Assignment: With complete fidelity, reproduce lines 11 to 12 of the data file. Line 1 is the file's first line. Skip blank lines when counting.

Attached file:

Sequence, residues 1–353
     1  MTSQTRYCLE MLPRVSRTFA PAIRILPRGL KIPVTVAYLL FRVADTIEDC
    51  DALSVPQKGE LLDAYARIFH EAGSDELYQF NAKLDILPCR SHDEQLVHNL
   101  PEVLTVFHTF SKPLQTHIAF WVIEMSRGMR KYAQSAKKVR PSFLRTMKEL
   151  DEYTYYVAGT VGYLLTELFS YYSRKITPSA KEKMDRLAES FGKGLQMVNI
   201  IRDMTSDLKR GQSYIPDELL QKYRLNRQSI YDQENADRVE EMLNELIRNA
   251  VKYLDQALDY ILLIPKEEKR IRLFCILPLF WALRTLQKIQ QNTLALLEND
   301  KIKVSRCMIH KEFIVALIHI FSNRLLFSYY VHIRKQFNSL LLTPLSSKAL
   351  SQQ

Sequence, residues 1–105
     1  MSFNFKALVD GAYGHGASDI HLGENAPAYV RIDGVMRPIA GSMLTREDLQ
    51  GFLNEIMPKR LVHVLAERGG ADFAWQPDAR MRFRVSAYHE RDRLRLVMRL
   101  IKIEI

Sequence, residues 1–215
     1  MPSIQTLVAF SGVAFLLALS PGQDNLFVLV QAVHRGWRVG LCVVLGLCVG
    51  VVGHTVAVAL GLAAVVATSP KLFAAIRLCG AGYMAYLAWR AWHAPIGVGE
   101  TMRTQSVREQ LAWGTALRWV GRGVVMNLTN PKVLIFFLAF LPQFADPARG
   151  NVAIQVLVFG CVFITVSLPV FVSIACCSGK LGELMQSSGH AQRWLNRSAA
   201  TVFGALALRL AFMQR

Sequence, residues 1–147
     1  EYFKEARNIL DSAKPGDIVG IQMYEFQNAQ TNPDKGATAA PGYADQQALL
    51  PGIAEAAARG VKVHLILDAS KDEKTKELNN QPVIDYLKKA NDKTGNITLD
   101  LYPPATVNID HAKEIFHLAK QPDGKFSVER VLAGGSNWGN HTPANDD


     1  MSFNFKALVD GAYGHGASDI HLGENAPAYV RIDGVMRPIA GSMLTREDLQ
    51  GFLNEIMPKR LVHVLAERGG ADFAWQPDAR MRFRVSAYHE RDRLRLVMRL